Dishwasher Decisions

Once again we can confirm little things mean a lot.

In some faraway countries, the evening meal is served is a tall, conical-shape bowl. The meat (or other protein) is placed in the bottom of the bowl. It is covered with a “gravy and high-intensity seasonings.”  Then come the vegetables. Then the rice. Stir and eat. Family members are seated around a table. They talk to each other.

When new immigrants arrive in the United States, they work hard and prosper. The “fortunate” ones eventually own a dishwasher. The traditional china bowl doesn’t fit in the dishwasher so the meat; gravy, vegetables and rice are served on a flat plate.  The quantity of meat suddenly seems pitifully small. So it is increased until the daily diet resembles that of the typical “American.” Life expectancy is decreased until it resembles with that of the typical “American.”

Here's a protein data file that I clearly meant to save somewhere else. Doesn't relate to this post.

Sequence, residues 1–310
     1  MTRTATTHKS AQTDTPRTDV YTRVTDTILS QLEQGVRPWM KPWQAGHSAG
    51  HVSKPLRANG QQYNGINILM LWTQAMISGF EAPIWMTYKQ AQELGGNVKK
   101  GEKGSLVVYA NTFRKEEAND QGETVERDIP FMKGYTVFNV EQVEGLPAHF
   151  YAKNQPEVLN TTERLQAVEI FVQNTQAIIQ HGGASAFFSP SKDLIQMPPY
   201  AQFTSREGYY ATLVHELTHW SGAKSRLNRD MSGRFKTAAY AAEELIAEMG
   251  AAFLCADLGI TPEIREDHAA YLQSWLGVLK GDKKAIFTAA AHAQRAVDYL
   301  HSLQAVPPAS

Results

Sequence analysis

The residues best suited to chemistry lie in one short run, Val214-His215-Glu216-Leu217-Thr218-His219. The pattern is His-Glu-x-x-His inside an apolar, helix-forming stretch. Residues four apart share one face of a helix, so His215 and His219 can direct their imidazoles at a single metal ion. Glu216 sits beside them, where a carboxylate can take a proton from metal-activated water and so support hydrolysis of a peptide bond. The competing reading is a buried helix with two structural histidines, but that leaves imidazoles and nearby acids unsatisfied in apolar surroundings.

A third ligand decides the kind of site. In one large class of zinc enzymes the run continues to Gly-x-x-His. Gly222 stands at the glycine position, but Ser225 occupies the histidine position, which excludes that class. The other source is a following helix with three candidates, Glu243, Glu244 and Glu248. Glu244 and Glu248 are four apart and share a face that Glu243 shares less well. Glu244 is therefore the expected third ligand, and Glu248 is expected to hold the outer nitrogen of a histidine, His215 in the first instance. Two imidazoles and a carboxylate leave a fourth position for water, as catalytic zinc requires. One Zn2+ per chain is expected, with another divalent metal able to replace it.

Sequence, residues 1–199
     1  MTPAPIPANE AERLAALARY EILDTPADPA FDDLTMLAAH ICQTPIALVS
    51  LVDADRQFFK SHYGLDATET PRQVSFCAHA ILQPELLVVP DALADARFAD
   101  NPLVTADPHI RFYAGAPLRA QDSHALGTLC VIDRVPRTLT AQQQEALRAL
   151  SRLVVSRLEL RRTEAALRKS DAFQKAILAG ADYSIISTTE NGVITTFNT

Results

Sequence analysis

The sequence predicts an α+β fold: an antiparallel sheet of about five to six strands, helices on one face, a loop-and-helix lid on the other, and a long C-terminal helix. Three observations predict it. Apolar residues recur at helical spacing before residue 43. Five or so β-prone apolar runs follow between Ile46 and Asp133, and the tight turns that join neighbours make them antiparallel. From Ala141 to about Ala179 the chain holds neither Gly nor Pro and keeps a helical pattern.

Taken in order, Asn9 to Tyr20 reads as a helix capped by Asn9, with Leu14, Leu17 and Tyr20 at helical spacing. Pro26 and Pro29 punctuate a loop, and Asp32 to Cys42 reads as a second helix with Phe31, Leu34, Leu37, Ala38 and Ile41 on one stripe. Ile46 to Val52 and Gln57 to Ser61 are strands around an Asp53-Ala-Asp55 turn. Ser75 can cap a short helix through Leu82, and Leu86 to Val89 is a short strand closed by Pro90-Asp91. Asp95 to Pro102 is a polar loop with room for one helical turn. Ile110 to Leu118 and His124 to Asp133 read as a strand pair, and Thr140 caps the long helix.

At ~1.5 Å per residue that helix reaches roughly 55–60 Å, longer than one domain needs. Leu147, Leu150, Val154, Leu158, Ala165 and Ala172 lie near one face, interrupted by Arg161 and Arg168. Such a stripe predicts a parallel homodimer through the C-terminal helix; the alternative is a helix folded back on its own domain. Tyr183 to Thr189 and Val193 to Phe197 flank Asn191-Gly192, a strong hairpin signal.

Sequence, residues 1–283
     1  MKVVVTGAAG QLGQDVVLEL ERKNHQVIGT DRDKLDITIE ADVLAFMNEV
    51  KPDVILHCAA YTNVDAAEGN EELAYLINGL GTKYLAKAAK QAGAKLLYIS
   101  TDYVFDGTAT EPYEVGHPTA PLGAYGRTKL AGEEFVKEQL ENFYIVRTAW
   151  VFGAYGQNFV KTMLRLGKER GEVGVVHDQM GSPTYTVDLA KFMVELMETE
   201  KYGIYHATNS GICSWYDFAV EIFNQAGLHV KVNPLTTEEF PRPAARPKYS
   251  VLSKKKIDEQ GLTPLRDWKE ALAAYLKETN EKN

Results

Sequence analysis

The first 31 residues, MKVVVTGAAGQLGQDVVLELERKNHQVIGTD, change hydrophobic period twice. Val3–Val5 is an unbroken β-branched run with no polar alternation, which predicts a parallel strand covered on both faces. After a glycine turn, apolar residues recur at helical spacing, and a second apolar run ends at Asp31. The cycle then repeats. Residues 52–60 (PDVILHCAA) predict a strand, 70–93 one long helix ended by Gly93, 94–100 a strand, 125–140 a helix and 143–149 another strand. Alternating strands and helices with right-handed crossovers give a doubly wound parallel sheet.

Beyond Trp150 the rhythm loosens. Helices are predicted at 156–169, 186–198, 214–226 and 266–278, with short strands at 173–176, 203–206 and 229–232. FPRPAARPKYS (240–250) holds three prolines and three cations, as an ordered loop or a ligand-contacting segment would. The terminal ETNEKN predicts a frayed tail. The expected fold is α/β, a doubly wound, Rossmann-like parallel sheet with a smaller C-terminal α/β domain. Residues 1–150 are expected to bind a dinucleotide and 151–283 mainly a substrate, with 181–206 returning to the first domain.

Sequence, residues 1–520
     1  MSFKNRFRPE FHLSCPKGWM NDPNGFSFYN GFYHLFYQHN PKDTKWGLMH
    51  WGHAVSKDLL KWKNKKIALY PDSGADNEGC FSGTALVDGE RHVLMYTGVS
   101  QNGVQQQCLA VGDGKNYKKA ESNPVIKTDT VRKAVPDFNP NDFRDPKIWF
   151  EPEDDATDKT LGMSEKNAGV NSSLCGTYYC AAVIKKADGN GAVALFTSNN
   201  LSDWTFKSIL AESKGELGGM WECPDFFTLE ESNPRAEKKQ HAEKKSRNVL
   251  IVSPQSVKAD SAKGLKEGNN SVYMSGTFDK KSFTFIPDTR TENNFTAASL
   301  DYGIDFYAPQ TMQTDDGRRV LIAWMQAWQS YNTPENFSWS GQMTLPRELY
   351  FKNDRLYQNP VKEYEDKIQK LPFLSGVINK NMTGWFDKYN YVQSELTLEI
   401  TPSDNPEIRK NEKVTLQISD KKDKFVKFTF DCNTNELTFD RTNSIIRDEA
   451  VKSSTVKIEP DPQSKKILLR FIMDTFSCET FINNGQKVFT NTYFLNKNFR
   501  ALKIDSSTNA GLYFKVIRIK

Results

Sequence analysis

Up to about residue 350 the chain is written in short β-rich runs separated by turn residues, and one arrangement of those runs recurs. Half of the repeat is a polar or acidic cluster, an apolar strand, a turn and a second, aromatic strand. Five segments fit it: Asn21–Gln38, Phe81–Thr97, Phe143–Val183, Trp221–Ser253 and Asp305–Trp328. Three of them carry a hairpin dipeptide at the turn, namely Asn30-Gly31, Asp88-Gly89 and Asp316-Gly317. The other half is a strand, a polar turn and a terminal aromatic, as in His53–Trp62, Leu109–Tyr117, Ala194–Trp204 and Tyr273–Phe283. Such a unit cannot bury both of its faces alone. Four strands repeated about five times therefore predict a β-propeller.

Before the invention of the dishwasher, Mom washed the dishes. A daughter dried them. Another daughter put them away in the cupboard. This was a time to share secrets, worries and hopes.

These quiet shared confidences slip away when one person quickly loads the dishwasher and retreats to solitary communication with a small electronic screen.

Little things do mean a lot…